Financially troubled Colonial Williamsburg, plaqued in recent years by rising costs and poor attendance, has received a $4 million gift from the Rockefeller Brothers Fund, officials of the restored Virginia capital announced yesterday.

The grant, which will be used primarily for major restoration projects, underscores Colonial Williamsburg's continuing dependence on the charities of the Rockefeller family, whose gifts created the restoration 52 years ago.

Carlisle H. Humelsine, chairman of Colonial Williamsburg trustees, said the gift will "add to the long-term financial security" of Williamsburg, a major Virginia tourist attraction.

In 1976, Colonial Williamsburg launched a campaign to broaden its support by creating a development division that has generated $8.6 million in gifts from 2,000 corporations and individuals.

Of that total, $1 million came from another Rockefeller fund, the Winthrop Rockefeller Charitable Trust. More than half og the remaining amount, $4 million, came in a single gift from DeWitt Wallace of Reader's Digest.

The Wallace gift is being used to modernize the Colonial Williamsburg Information Center, the starting point for most tourists' visits to the restored Virginia capital.

The Rockefeller Brothers gift will be used to revise and refurnish the Governor's Palace, the old capital's most elegant building, and to reconstruct one 18th century home and the outbuildings of two others. The money also will be used to create additional 18th century merchandise shops on Duke of Gloucester Street, which was the center of business activity in Colonial Williamsburg.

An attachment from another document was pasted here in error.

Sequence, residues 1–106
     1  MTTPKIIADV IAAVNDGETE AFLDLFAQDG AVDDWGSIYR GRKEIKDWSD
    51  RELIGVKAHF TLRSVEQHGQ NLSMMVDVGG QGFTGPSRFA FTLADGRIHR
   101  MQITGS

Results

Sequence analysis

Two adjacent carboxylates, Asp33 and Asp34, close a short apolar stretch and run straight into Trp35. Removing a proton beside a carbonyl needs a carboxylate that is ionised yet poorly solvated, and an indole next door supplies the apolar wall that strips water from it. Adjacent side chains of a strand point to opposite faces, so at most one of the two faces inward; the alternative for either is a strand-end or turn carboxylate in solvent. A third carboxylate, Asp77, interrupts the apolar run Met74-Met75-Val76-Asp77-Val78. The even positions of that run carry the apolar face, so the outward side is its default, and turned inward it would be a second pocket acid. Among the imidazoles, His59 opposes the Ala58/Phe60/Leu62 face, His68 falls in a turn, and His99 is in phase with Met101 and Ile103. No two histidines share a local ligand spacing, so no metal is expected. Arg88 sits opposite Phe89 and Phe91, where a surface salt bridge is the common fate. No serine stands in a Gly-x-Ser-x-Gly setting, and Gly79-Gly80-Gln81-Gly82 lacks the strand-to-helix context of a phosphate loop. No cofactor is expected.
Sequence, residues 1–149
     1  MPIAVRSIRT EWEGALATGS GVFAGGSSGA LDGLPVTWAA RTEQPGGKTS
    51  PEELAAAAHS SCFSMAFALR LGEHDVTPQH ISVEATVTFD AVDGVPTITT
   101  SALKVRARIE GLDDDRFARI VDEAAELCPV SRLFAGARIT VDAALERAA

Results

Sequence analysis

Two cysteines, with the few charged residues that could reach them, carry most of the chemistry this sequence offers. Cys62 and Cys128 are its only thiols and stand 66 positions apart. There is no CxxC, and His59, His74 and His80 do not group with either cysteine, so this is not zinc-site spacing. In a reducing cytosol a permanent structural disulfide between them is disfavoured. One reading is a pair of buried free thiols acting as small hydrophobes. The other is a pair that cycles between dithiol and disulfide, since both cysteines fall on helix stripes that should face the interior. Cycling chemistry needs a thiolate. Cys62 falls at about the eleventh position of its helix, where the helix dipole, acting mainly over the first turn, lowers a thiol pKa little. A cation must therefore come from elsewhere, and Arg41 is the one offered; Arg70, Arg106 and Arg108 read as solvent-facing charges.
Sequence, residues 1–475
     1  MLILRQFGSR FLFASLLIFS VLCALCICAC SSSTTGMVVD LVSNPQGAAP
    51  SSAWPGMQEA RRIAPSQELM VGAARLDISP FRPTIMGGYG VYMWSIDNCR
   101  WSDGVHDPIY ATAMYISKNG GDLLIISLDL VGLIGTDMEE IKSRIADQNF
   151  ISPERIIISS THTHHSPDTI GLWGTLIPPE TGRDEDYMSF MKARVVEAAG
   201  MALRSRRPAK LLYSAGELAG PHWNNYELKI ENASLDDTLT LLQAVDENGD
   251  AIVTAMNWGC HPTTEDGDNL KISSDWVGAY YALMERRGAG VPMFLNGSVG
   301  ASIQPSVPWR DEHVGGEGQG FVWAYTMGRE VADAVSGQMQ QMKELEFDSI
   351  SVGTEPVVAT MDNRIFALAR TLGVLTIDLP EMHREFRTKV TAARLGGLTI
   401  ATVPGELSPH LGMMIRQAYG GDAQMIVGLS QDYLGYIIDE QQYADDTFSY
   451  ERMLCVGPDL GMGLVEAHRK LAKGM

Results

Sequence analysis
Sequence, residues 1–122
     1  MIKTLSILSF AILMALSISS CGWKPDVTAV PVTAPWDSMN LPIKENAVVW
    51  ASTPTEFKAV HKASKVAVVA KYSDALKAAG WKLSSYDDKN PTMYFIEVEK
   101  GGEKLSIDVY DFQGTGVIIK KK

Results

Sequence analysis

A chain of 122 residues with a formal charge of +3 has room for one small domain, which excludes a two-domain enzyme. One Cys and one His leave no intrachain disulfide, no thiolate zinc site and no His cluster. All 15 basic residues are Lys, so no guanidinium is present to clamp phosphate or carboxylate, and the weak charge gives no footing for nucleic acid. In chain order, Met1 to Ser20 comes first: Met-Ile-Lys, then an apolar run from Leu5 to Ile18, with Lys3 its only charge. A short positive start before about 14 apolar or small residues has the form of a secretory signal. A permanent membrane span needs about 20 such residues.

Humeline warned that the Rockefeller gift "cannot be considered available to mee the increasingly difficult problem of rising costs . . . We must do this through our development program and the internal measures we are presently carrying forwars," he said.

The "internal measures" include staff reductions and price increases that Colonial Williamsburg began in 1976 as soon as it became apparent that visitor totals in that bicentennial year would fall far short of expectations.

The foundation had invested heavily to accommodate a hoped for surge of bicentennial visitors, but the number of tourists that yeat totaled only 1.29 million, barely more than in 1975. The visitor total fell to 1.1 million in 1977 and appears headed for that level this year, a foundation spokesman said.

By raising some prices, the foundation has managed in most years to meet operating expenses with revenue from ticket sales, hotels, restaurants and gift shops, the spokesman said. But the foundation has not made enough money to contribute to future development.